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Is unprecedented our new normal?

As a college student, it feels like all we have ever known is unprecedented times. The Jan. 6 insurrection, a war in the Middle East and now we stand in the midst of a head-to-head face-off with two former presidents. Although it is a familiar matchup between the oldest-ever president and one only slightly younger, this time former President Donald Trump is facing several criminal indictments. 

With COVID-19 in 2020, that election was like no other. The pandemic significantly impacted the election process. States expanded mail-in and early voting options, prompting changes in how votes were cast and counted. This led to numerous legal disputes over the results, bringing about allegations of fraud which resulted in tensions and uncertainty about the results. With precariousness looming over our nation, the 2020 election took political polarization to a new level.

And we are still dealing with the effects.

Trump is the first former president to be charged with state and federal crimes and is now facing four separate indictments. Our Republican nominee is simultaneously fighting these charges while campaigning to be the 47th president of the United States. This has never happened in the history of our nation.

There have been questions raised of whether Trump can still serve if he gets indicted, but in the U.S. Constitution, there is no amendment stating a convicted felon can not hold office. But, oddly enough, the convicted felon can not vote.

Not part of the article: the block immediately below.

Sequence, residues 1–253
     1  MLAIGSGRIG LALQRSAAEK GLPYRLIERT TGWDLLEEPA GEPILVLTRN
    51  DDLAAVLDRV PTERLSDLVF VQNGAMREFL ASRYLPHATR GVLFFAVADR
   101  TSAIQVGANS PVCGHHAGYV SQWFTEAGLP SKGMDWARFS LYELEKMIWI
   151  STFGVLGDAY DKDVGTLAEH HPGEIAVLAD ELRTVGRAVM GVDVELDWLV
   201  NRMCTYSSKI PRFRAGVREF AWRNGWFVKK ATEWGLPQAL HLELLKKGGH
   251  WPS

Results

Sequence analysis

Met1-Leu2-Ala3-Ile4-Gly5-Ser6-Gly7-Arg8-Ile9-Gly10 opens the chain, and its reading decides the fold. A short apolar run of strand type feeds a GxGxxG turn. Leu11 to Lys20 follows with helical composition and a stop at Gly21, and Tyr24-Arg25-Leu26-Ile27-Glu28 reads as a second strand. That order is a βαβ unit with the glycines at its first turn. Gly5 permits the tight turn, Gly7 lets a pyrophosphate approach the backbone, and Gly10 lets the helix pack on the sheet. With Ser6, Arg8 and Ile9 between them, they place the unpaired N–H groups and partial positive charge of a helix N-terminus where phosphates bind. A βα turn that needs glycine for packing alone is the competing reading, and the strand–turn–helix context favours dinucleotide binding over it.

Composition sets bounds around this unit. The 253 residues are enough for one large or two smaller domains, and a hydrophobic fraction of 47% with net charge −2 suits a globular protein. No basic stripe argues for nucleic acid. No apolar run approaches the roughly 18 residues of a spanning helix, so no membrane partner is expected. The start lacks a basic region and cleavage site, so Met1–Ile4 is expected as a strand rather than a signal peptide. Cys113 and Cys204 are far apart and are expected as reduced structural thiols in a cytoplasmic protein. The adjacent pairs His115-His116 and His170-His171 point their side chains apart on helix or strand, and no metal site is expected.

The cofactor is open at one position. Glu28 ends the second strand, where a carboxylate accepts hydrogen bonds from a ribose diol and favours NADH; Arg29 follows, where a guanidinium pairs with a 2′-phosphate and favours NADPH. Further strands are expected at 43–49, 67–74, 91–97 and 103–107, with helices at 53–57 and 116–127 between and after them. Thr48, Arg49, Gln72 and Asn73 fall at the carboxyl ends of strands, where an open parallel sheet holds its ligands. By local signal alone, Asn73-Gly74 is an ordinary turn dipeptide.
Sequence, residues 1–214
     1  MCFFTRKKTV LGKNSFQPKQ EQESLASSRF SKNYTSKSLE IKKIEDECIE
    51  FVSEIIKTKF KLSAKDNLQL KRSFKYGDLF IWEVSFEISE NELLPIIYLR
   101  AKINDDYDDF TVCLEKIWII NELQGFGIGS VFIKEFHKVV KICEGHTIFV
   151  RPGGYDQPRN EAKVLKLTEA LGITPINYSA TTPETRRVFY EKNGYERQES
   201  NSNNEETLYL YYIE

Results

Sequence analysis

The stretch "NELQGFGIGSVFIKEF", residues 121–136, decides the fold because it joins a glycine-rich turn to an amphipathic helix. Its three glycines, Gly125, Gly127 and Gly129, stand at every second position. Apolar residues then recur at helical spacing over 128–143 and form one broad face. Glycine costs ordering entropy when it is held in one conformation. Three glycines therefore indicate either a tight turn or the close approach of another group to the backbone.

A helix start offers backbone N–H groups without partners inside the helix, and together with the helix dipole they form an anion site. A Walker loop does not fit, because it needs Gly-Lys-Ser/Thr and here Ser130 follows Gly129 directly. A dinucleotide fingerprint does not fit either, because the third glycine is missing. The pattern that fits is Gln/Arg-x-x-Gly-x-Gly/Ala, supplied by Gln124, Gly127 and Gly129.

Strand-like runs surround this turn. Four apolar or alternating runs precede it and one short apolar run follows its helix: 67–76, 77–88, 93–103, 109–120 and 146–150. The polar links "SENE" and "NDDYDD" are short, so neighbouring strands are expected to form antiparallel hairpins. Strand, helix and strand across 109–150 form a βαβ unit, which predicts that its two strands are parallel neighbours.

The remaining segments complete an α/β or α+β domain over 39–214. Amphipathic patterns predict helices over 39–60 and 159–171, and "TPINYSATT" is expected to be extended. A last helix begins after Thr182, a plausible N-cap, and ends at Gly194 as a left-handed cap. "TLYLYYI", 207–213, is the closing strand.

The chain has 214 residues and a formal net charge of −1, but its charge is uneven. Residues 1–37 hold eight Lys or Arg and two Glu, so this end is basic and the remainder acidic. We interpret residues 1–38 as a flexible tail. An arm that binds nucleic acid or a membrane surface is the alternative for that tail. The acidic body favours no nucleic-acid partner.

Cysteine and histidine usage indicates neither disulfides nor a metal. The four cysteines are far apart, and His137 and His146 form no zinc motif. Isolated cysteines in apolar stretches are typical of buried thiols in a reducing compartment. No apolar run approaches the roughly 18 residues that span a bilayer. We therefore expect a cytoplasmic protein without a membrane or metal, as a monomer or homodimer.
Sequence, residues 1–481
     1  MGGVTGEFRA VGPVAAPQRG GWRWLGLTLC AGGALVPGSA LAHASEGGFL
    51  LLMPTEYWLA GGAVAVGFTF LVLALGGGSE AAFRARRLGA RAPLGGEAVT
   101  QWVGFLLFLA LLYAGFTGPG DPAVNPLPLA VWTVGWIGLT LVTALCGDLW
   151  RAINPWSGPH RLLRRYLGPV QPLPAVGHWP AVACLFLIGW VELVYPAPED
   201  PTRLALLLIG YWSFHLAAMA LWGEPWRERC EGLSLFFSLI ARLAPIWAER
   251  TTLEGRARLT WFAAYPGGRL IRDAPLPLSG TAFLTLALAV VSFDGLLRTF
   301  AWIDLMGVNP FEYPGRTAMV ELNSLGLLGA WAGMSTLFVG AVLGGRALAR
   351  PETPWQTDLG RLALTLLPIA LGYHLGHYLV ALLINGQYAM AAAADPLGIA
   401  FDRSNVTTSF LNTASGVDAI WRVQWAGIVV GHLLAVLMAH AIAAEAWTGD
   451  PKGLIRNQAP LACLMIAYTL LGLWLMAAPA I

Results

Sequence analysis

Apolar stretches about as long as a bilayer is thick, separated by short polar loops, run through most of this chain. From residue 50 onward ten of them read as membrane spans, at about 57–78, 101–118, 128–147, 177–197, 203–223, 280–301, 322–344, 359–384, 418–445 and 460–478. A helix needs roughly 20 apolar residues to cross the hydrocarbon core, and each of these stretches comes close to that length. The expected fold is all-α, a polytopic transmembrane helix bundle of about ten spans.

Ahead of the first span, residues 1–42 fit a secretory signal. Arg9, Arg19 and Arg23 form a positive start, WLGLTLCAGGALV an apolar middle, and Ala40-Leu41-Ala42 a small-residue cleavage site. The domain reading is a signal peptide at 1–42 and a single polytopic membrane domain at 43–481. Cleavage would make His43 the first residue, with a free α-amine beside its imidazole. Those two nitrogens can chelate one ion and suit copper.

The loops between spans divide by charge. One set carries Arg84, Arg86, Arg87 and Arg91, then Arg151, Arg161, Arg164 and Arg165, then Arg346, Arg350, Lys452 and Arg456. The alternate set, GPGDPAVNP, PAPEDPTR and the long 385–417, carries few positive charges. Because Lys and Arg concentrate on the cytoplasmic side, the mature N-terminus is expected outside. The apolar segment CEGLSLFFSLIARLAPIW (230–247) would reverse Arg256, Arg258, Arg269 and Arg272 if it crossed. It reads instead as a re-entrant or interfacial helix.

In 2024, this election year, it seems like more is at stake than ever. For some college students this is the first presidential election they are able to partake in. Yet with Trump’s criminal trials being in the spotlight, significant political issues important to deciding where their votes lie remain in the shadows. 

In a normal election year, nominees would be holding the microphone explaining why they are worthy of their constituents’ vote. This year, rather than news segments delving into abortion rights or the border, the headlines are captivated by developments of Trump’s trials. This is extremely damaging for constituents, especially students who may not have experience voting, who need to determine which candidate they want to be the next president. 

With this being a non-political democratically engaged election, there are a few recommendations I have to be able to decide on who to vote for come November. 

First, determine where you stand on significant issues and consider what you want your president to address if in office. Next, gather information about the candidate from reputable sources, on campaign websites, social media or through their speeches. Finally, seek opinions from others in your community. This should not sway you but rather evoke an informative conversation in order to weigh out what is important to you.

Try not to let all of the chaos surrounding this year’s election steer you from voting. Although it may seem unfair that we as college students have not yet had a “normal” presidential election cycle, we must continue to engage in democracy.

In a time where we are all tired of witnessing unprecedented times, it is crucial to persevere because we will prevail as a nation if we unite despite our differences. 

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Olivia Kerben is a senior double majoring in social justice and professional writing. Originally from Rockville, Maryland, Olivia has an unwavering passion for social justice and is enthusiastic about her opportunity to serve as an opinion writer for The Miami Student in her final semester.